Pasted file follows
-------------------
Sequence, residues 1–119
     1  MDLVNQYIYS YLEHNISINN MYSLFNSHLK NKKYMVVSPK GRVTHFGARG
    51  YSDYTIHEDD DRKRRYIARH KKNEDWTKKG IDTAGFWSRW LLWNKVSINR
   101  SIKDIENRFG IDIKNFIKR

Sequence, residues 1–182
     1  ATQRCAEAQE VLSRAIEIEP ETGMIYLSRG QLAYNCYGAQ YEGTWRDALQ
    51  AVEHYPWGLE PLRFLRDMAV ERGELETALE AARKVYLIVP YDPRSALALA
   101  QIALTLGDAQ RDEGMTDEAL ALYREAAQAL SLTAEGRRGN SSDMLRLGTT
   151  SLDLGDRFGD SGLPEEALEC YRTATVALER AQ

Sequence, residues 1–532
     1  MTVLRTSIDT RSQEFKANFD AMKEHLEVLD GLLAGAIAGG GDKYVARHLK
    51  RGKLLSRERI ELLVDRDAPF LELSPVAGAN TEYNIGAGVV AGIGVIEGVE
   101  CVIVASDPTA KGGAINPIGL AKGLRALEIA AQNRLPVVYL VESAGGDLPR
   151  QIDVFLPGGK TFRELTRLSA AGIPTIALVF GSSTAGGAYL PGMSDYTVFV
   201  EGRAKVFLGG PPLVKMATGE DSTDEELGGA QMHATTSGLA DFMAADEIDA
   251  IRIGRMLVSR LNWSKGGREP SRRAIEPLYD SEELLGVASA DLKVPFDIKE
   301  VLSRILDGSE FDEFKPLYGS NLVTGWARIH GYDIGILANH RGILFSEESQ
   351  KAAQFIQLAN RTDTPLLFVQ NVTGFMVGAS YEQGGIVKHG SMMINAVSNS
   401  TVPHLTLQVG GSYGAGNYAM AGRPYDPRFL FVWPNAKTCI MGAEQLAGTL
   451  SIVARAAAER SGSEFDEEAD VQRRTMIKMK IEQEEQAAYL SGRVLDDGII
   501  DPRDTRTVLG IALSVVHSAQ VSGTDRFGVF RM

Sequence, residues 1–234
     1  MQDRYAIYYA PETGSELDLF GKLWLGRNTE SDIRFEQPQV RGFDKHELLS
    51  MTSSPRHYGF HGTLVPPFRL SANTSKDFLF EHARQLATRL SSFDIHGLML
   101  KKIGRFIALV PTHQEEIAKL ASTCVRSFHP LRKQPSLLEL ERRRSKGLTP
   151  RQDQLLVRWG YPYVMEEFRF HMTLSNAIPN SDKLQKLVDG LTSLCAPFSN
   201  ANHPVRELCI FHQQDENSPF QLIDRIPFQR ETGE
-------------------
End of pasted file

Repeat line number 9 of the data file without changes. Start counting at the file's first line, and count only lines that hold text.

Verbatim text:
   151  SLDLGDRFGD SGLPEEALEC YRTATVALER AQ